By Edward Nawotka
In today’s lead story, Nigerian-born author Chika Unigwe, who now lives in Belgium, states:
“I’m African, and I never question my African identity. What I question sometimes are the expectations that come with being labeled an ‘African writer.’ What you are supposed to write, how you are supposed to write and so on. But then that is the problem with labeling; it comes with a whole box of expectations, usually people’s projections of what the label ought to cover. It’s not always right or accurate.”
What are the expectations to which she is referring? Are they the expectations, primarily of writers and publishers in the West, that Africans will only write of poverty, chaos, corruption, disease or war—of, essentially, many of the same subjects covered most often by the nightly news—rather than typical middle-class life? (It’s a topic Tolu Ogunlesi discussed in his editorial “In Search of ‘Authentic’ Africa” earlier this year on Publishing Perspectives). Is that it, or is it something deeper and perhaps more insidious? And does emigration free the writer from these constraints? Or, because of their background, do the expectations of publishers tie them even more tightly to the subject matter of their home?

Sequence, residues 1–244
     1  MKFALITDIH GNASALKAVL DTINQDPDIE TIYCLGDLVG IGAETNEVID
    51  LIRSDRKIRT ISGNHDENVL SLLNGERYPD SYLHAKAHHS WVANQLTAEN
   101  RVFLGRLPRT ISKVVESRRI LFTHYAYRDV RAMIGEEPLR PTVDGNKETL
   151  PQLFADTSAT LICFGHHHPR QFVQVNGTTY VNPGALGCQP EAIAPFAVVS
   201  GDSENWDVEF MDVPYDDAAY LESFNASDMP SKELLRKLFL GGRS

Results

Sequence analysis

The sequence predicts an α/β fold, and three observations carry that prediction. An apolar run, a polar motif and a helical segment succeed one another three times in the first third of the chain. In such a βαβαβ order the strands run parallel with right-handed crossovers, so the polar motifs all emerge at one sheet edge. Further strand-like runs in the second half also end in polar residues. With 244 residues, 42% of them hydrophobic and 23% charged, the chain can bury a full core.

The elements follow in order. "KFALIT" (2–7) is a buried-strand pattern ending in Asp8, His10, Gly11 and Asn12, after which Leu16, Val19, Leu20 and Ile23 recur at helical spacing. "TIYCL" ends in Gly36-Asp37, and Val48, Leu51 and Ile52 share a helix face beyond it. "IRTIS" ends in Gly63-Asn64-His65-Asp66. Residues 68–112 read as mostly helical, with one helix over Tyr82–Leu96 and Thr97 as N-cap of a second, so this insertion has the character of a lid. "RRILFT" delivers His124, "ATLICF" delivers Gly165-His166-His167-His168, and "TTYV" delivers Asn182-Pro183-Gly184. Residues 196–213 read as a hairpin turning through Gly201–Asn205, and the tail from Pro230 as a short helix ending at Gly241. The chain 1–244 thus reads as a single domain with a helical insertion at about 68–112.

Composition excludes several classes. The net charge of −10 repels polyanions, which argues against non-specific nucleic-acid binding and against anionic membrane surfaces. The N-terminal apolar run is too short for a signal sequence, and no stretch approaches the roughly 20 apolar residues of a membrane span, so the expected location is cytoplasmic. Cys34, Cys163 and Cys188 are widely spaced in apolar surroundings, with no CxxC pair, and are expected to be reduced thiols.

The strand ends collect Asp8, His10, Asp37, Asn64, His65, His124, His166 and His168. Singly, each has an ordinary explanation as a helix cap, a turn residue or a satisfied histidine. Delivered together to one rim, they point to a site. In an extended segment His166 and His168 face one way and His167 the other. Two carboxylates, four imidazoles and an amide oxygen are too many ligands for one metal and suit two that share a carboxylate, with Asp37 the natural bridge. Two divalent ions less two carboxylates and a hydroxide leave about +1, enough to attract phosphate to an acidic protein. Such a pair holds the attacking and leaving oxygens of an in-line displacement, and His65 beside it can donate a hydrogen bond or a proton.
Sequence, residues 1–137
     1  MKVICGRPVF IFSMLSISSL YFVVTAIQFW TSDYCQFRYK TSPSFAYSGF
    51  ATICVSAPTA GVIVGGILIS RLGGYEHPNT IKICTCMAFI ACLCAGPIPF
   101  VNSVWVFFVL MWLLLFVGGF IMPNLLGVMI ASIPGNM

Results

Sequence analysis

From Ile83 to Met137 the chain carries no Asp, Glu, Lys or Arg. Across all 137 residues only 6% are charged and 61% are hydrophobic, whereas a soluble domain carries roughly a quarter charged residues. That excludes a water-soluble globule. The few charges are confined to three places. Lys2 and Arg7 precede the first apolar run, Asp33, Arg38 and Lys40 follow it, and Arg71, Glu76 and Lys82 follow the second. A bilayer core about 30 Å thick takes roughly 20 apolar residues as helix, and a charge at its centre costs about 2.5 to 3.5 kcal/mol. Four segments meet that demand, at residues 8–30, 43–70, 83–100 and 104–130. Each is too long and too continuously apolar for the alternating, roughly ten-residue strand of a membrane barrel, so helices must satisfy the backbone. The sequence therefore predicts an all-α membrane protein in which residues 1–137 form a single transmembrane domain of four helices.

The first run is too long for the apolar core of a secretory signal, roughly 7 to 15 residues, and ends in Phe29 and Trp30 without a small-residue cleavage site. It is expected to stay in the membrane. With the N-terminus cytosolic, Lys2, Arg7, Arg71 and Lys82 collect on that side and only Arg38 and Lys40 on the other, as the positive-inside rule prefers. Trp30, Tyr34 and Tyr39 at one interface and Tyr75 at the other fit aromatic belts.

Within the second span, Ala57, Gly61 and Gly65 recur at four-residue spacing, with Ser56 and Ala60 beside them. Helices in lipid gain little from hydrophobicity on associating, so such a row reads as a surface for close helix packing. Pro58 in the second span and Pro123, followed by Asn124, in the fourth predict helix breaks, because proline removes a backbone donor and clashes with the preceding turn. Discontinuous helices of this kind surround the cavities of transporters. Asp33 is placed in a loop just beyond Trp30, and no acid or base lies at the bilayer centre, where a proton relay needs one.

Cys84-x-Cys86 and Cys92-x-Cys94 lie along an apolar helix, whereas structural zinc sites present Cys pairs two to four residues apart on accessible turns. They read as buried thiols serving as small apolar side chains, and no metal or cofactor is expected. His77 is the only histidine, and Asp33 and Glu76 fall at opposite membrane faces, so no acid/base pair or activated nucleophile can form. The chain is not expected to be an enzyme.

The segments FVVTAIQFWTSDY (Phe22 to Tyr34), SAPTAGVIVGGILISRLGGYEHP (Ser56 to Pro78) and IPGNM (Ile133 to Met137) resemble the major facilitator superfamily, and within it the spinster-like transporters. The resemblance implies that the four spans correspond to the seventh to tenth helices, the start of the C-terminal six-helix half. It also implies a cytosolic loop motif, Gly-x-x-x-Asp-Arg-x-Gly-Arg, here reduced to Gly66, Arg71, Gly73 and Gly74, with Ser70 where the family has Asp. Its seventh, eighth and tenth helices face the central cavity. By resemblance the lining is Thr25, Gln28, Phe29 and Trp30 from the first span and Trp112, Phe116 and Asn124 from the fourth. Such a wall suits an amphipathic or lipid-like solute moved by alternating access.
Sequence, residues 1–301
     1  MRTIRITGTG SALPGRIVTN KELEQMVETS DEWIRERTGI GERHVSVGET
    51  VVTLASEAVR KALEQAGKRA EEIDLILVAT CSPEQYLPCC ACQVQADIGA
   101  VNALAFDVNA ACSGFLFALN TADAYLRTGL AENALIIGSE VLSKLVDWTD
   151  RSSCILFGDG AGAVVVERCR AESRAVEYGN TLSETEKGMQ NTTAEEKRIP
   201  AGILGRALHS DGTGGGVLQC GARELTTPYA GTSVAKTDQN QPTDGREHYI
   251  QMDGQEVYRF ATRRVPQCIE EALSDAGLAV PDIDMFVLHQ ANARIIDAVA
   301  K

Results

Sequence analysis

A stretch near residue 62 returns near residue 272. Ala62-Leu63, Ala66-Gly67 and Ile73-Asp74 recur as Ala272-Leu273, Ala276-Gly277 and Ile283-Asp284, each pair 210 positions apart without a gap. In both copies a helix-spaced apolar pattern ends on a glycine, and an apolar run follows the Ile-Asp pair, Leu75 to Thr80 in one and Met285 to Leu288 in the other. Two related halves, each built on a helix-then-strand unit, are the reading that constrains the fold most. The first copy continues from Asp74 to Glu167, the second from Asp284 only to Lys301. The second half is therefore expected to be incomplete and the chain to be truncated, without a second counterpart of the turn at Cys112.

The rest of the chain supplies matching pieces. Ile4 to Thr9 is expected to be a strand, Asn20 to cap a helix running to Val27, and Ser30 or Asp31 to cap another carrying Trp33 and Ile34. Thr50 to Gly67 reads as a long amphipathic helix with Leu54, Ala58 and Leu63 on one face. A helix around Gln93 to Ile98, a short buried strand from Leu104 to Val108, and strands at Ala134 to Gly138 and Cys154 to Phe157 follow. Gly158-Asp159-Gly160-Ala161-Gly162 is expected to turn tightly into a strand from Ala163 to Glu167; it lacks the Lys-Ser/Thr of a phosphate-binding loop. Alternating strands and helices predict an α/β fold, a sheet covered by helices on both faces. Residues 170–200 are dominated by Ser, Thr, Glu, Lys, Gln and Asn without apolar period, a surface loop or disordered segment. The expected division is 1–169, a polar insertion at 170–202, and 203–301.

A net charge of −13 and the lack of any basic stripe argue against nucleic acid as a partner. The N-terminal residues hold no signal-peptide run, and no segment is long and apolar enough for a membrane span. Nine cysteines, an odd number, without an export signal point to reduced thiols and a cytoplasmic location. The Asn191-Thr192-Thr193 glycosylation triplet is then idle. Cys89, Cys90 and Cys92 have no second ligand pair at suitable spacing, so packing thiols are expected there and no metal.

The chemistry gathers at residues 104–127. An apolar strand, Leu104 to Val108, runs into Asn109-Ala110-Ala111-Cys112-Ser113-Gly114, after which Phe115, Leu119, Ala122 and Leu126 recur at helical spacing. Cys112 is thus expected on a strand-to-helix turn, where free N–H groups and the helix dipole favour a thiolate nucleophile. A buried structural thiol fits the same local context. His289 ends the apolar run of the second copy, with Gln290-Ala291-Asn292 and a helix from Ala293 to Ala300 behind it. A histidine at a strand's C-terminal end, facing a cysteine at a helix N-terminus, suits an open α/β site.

And, ultimately, is labeling any writer by race, ethnicity, or even nationality or country of birth, fair? Surely it is somewhat useful, perhaps for marketing purposes, but is it ultimately reductive?
Let us know what you think in the comments below of via Twitter using hashtag #ppbonus.